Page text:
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Coal Mining Crown Mountain Coking Coal Project

Bathurst Resources Gets Green Light for Crown Mountain Coking Coal Project to Proceed with Environmental Assessment

Bathurst Resources Limited, an Australian mining company, has received positive news regarding their Crown Mountain coking coal project in southeastern British Columbia, Canada. The Impact Assessment Agency of Canada (IAAC) has determined that the project’s environmental impact statement (EIS) and environmental assessment application (EA) have passed the conformity stage. This paves the way for the project to move on to the next step, known as EIS probation.

Project Details

  • The Crown Mountain project proposes the development of an open-cut mine in a previously unexplored area of southeastern British Columbia.
  • The goal is to extract and export coking coal, a key ingredient in steelmaking, primarily to Asian countries, with a focus on Japan.
  • Two types of coal will be produced: hard coking coal (86% of production) and pulverized coal injection (PCI) coal (14% of production).

Project Ownership and Funding

  • NWP Coal Canada Limited currently holds a 100% interest in the Crown Mountain project.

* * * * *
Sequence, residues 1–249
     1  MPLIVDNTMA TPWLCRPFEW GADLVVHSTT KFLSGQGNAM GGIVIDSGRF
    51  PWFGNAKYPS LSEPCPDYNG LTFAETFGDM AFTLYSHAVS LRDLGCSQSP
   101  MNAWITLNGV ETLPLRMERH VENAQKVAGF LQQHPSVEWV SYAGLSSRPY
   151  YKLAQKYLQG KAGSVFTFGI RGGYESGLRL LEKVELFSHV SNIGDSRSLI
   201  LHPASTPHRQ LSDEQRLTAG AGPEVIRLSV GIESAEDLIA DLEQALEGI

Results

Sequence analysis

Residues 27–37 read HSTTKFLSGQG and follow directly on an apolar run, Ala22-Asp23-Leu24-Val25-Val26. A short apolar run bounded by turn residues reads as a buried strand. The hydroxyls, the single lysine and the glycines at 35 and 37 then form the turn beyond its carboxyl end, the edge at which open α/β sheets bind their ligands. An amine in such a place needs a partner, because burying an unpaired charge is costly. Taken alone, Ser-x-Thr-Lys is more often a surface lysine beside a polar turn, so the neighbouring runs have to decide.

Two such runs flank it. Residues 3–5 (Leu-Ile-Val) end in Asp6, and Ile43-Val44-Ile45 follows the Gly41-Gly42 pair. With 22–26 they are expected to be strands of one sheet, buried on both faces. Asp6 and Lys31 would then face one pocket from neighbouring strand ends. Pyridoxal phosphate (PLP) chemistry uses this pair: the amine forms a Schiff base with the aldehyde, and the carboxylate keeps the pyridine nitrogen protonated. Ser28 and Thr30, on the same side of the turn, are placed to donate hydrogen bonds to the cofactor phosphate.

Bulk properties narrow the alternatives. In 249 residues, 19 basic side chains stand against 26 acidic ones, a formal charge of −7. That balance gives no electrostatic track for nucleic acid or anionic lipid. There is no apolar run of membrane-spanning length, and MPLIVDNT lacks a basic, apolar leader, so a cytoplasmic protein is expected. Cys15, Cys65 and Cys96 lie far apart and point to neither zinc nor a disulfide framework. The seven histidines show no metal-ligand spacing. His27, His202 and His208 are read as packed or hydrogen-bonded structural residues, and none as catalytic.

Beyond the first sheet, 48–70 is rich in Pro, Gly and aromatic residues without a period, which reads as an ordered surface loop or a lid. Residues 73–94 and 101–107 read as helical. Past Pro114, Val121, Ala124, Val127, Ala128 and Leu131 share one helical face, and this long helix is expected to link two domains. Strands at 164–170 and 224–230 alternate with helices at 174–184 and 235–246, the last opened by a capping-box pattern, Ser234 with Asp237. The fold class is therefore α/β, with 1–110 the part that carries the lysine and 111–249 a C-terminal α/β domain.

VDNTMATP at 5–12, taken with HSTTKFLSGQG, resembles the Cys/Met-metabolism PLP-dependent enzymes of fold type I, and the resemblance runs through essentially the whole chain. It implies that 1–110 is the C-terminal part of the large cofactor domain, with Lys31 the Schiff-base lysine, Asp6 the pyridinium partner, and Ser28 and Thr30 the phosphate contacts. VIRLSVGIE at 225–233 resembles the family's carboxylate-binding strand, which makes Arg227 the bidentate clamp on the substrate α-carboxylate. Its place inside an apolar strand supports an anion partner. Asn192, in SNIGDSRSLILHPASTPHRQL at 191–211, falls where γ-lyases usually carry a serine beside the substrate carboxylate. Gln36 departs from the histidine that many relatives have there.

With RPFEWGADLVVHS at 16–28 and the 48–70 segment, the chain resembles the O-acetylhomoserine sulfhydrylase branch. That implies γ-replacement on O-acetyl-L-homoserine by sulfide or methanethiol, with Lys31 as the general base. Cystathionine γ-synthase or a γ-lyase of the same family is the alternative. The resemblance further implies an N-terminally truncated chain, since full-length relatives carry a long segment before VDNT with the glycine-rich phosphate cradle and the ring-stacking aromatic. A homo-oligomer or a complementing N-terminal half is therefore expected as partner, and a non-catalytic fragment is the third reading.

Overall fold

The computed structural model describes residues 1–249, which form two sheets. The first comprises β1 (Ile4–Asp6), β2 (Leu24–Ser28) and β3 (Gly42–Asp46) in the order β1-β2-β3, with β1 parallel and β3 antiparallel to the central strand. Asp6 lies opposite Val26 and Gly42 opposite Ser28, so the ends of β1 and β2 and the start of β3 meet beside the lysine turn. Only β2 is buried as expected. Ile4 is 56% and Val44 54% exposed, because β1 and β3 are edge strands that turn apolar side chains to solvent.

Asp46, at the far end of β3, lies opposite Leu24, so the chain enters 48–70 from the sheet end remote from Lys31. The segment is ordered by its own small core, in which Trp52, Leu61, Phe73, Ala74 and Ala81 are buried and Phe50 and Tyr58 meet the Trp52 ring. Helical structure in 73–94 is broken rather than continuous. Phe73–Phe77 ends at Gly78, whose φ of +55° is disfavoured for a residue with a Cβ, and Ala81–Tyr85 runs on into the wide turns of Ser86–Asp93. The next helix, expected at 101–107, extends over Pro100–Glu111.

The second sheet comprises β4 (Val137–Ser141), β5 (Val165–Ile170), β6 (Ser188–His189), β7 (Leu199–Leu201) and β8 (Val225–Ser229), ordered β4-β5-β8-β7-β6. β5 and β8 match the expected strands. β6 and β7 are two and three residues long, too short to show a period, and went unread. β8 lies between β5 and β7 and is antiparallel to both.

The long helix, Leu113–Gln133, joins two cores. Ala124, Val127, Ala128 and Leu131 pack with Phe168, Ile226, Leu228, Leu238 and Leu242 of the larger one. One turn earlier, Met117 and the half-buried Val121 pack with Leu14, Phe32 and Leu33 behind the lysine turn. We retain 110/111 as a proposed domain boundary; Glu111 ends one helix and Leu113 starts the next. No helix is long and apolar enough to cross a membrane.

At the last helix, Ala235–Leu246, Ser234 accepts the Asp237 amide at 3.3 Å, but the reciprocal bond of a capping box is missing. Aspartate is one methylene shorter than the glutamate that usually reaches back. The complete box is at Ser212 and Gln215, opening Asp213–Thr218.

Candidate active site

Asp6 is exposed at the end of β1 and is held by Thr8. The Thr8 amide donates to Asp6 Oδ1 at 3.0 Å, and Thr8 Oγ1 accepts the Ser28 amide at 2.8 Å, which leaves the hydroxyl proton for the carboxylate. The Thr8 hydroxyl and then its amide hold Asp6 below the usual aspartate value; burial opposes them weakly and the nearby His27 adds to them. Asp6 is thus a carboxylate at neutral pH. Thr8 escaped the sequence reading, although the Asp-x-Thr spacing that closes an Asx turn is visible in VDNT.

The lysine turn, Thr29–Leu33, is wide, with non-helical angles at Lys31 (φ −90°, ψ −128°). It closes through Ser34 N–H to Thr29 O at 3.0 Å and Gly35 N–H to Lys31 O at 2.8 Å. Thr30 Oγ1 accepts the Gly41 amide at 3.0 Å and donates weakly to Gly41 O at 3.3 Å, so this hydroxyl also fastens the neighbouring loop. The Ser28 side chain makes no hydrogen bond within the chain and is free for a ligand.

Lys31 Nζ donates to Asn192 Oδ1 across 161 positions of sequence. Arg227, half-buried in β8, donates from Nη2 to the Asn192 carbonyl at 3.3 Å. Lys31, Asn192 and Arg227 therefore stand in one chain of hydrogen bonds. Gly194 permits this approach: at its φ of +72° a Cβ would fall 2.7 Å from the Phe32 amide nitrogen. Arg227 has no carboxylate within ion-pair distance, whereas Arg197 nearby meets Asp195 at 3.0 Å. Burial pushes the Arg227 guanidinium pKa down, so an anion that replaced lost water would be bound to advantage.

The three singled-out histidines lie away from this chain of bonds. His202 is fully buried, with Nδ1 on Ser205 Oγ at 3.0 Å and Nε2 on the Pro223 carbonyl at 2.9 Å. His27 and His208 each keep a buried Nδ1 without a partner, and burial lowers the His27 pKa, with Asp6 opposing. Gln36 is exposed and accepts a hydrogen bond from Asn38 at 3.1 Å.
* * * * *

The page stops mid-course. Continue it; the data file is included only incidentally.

• Bathurst Resources owns 22.06% of NWP Coal, with the remaining shares (77.94%) belonging to Jameson Resources Limited (JAL).
  • An agreement exists between Bathurst Resources and JAL, whereby Bathurst will acquire an additional 27.94% stake in NWP Coal upon a final decision to develop the mine. This will result in both companies holding a 50% interest in the project.
  • Bathurst Resources has invested an additional US$500,000 in the project over the six months ending December 31, 2023. These funds will be used to support the EIS probation process.

What This Means

The IAAC’s decision signifies a significant step forward for Bathurst Resources and the Crown Mountain project. By passing conformity, the project’s environmental assessment documentation has met the initial requirements set forth by the Canadian government. Now, during the EIS probation stage, Bathurst Resources will need to address any outstanding issues or requests for additional information from the IAAC. Successfully completing this stage will bring the project closer to receiving final environmental approval.

It is important to note that this is not yet a final approval for the project. Further environmental assessments and regulatory hurdles may need to be addressed before construction can begin.

Source: TheCoalTrader, AI generated